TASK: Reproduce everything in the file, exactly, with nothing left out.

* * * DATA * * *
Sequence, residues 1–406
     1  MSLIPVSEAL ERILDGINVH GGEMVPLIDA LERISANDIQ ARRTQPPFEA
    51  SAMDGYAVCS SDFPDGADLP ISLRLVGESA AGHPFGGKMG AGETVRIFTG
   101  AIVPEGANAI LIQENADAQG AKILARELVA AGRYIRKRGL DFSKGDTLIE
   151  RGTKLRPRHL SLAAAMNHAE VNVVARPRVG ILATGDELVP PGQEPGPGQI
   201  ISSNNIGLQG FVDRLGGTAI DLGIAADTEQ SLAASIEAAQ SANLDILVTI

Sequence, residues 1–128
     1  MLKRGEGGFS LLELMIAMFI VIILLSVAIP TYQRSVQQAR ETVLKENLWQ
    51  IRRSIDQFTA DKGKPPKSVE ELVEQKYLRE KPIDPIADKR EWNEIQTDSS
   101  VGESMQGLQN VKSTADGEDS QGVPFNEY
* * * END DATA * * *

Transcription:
Sequence, residues 1–406
     1  MSLIPVSEAL ERILDGINVH GGEMVPLIDA LERISANDIQ ARRTQPPFEA
    51  SAMDGYAVCS SDFPDGADLP ISLRLVGESA AGHPFGGKMG AGETVRIFTG
   101  AIVPEGANAI LIQENADAQG AKILARELVA AGRYIRKRGL DFSKGDTLIE
   151  RGTKLRPRHL SLAAAMNHAE VNVVARPRVG ILATGDELVP PGQEPGPGQI
   201  ISSNNIGLQG FVDRLGGTAI DLGIAADTEQ SLAASIEAAQ SANLDILVTI

Sequence, residues 1–128
     1  MLKRGEGGFS LLELMIAMFI VIILLSVAIP TYQRSVQQAR ETVLKENLWQ
    51  IRRSIDQFTA DKGKPPKSVE ELVEQKYLRE KPIDPIADKR EWNEIQTDSS
   101  VGESMQGLQN VKSTADGEDS QGVPFNEY